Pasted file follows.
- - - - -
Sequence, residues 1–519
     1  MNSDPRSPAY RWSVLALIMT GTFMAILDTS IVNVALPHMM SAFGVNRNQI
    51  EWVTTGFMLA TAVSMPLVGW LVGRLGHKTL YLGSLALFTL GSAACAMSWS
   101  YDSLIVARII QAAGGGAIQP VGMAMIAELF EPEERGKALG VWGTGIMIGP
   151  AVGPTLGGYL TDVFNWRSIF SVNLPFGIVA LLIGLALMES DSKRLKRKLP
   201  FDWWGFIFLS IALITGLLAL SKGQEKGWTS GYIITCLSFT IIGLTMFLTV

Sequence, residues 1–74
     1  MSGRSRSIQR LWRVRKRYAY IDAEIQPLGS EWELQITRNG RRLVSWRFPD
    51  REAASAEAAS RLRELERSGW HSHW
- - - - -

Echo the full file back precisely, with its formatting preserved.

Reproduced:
Sequence, residues 1–519
     1  MNSDPRSPAY RWSVLALIMT GTFMAILDTS IVNVALPHMM SAFGVNRNQI
    51  EWVTTGFMLA TAVSMPLVGW LVGRLGHKTL YLGSLALFTL GSAACAMSWS
   101  YDSLIVARII QAAGGGAIQP VGMAMIAELF EPEERGKALG VWGTGIMIGP
   151  AVGPTLGGYL TDVFNWRSIF SVNLPFGIVA LLIGLALMES DSKRLKRKLP
   201  FDWWGFIFLS IALITGLLAL SKGQEKGWTS GYIITCLSFT IIGLTMFLTV

Sequence, residues 1–74
     1  MSGRSRSIQR LWRVRKRYAY IDAEIQPLGS EWELQITRNG RRLVSWRFPD
    51  REAASAEAAS RLRELERSGW HSHW